Friday, 9 December 2016

Spotlight on: Ian Bayley, Head of Sabrestorm Publishing

A selection of books published by Sabrestorm Publishing

Ian Bayley, the dynamic head of Sabrestorm Publishing, talks about his life and work

Ian Bayley, Sabrestorm Publishing
Ian Bayley, Sabrestorm Publishing

I started my career as a commercial photographer in London’s Covent Garden working for many of the small advertising agencies there. As time progressed, I found myself being far more involved in graphic design and after some formal qualifications found myself working in a design office. Having a background in both of these areas has been useful in publishing and helped me to produce some beautiful books. 

I have a great interest in history with 1940s Britain being a particular passion and have been involved with a number of re-enactment groups in the past. I set up the 1940s Society some 17 years ago and I’m pleased to say it is still going strong. I do enjoy all things vintage and have a 1935 Austin 12 motor car which I don’t get out to drive as much as I would like to.

Ian Bayley and his 1935 Austin 12
Ian Bayley and his 1935 Austin 12

Through my interest in history, I have a large library of books. I was already selling books before Sabrestorm came into being but was often frustrated by what was available. Either the information I wanted wasn’t there or if it was, it wasn’t in a very readable or accessible form. I decided to bite the bullet and start publishing my own. The first book was The 1940s Look by Mike Brown.  This is a book that I am delighted to have produced and which has gone on to create a series with The 1950s look and, just published, The 1960s Look.

The 1950s Look by Mike Brown, published by Sabrestorm Publishing

Although Sabrestorm publishes books about the 1920s to the 1960s, the company particularly specialises in the 1940s because I have a particular interest in the era. It was where I was familiar and saw a need. The subject area of books we publish has broadened to cover history, vintage and fashion and they fit together very nicely.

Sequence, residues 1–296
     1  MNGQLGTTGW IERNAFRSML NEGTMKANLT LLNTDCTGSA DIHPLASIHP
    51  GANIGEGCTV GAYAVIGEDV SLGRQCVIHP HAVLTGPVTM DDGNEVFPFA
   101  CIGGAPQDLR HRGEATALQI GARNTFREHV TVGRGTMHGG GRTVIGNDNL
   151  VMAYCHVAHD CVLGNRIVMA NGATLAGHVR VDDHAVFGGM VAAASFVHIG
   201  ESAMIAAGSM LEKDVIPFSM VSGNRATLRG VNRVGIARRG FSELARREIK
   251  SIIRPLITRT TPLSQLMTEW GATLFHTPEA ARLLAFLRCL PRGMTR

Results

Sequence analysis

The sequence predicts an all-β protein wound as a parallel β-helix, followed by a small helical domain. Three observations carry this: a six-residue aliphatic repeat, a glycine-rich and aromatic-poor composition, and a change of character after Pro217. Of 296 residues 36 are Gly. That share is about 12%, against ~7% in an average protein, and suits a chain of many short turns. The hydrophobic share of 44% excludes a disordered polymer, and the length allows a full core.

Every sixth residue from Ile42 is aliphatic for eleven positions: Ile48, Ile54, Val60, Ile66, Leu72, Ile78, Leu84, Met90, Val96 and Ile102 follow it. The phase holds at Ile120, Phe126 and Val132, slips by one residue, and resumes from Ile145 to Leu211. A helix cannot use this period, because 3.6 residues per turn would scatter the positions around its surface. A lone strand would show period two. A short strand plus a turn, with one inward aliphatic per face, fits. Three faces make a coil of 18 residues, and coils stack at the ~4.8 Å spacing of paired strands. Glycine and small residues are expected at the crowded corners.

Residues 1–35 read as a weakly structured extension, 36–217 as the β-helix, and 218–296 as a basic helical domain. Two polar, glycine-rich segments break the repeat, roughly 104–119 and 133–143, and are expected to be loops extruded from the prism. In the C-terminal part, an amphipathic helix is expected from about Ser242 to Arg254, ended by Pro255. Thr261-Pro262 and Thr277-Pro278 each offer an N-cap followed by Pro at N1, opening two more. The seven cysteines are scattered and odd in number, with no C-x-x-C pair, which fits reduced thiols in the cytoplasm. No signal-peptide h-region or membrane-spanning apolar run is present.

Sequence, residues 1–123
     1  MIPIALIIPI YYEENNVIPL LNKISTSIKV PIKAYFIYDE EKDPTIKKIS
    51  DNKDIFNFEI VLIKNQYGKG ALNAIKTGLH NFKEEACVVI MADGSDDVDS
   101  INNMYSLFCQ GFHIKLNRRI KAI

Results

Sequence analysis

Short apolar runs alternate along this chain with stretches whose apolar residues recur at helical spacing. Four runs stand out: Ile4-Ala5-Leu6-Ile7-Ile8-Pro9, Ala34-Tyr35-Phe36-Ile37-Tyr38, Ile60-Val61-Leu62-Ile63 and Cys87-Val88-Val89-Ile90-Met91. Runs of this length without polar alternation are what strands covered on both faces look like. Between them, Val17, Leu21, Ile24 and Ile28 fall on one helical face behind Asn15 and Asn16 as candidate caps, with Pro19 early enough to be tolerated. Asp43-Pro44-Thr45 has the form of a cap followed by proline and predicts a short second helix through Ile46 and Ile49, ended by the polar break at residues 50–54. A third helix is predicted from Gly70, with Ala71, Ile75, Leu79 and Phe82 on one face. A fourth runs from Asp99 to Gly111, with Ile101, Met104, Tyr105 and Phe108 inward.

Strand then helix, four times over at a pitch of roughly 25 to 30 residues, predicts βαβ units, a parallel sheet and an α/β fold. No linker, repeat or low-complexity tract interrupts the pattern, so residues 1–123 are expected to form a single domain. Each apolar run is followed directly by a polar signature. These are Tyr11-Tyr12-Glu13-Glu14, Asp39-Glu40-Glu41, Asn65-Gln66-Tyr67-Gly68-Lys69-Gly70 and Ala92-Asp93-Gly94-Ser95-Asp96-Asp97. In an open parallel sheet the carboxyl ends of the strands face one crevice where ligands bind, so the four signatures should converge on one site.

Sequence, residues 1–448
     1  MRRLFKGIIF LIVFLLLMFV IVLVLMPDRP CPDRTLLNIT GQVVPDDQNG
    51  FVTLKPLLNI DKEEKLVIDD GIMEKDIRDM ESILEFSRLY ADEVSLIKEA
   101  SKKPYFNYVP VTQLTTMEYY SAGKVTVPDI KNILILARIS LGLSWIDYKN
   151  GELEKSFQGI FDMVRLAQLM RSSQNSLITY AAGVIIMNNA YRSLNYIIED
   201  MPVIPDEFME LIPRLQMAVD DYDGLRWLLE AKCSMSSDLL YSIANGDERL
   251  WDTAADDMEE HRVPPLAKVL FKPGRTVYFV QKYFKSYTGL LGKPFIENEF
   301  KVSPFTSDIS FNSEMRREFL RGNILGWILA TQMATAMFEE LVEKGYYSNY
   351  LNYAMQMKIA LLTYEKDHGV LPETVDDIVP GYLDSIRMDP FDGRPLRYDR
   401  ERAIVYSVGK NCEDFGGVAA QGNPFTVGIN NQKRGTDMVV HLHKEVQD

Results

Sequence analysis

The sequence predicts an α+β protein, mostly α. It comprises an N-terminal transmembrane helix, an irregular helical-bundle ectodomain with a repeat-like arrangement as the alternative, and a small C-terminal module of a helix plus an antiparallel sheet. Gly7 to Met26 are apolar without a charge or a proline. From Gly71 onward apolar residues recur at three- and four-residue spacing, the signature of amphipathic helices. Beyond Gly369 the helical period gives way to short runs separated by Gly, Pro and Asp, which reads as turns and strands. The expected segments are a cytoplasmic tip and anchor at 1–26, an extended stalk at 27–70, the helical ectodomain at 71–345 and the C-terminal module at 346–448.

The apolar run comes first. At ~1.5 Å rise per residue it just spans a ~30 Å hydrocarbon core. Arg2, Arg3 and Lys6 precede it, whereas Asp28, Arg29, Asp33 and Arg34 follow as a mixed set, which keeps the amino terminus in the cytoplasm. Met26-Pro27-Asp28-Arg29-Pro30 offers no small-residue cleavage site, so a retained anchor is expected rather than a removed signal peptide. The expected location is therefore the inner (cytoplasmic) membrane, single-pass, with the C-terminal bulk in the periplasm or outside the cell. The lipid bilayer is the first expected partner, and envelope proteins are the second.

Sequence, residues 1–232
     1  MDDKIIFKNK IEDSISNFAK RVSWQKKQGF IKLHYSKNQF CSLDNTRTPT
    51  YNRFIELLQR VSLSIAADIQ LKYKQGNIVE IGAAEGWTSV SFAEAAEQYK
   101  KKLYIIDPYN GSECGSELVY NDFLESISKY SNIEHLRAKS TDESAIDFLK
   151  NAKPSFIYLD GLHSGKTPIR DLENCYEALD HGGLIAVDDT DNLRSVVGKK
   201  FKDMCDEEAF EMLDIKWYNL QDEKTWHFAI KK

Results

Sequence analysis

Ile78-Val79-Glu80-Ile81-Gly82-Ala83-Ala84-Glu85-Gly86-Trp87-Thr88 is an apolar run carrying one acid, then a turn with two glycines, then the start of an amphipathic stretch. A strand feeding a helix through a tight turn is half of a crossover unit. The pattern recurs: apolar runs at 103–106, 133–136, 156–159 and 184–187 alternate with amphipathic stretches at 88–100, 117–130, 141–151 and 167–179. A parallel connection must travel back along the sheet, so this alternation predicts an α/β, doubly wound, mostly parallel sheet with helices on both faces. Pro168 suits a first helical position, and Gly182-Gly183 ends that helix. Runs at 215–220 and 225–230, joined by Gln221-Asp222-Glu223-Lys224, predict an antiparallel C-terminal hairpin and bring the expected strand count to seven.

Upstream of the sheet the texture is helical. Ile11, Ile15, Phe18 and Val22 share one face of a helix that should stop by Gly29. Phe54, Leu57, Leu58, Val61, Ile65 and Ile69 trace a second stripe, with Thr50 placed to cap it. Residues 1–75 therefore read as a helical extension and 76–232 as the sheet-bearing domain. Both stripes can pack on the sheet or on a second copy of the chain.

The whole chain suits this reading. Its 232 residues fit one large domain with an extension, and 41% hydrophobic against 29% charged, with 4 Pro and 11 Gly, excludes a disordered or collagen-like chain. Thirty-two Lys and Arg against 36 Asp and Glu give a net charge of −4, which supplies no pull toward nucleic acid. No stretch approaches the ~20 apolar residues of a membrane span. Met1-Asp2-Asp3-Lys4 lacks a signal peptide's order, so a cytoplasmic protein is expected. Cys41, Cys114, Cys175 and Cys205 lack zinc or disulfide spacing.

Parachute Doctor by Neil Barber, published by Sabrestorm PublishingPublishing is really satisfying. Meeting authors,veterans and people who were actually part of history is fantastic. To take a manuscript, story or an experience and make it accessible to everyone in a form that is easy to digest and enjoyable to read is a privilege. There are accounts and experiences that should be remembered and learned from, not just of the high and mighty but of everyday people. Fighting for the Empire and Parachute Doctor are two examples where there were stories about individuals whose contributions should be remembered. There is nothing quite like working on a book for six months or a year and finally opening up a parcel to see the first advance copy of the final book. It’s just as exciting every time.

Internal layout from The 1960s Look by Mike Brown, published by Sabrestorm Publishing
I have to like the subject and it has to fit in with our other titles. Most importantly the author and I have to be able to have a good working relationship. A book is a collaborative effort and the author and publisher need to work closely together to get the best result. Our books are generally heavily illustrated in colour, have a strong design element and are a pleasure to read. Our aim is to make Sabrestorm's books as good as they can be.

Doing Their Bit by Jon Mills, published by Sabrestorm Publishing
Some of our books are very niche such as Doing Their Bit by Jon Mills, which will appeal to a very particular collector or enthusiast. Most,, however will appeal to anyone with an interest in history. It's really interesting to talk to readers who have been given a book as a present and are surprised and delighted by how much they enjoyed it and learned from it.

Ebooks have made traditional publishing more challenging. I read ebooks as well as traditional books and very much appreciate they have a place. Our books tend to be very heavily illustrated and in colour, which makes ebook production all the more challenging. However, this is something we will be moving forward with in 2017. I, like many others, still buy traditional books when they are heavily illustrated and attractive. Some books are just better to read in printed form.

I love publishing books and hope to grow the number of titles we have available. We are very selective in what we publish and at a time when so much is being published both on-line and privately, I want to ensure that our books are always of the highest quality and can be relied upon to be an informative, enjoyable and reliable read. I’m looking forward to the next ten years!  Sabrestorm Publishing

Ian Bayley was talking to Penny Legg.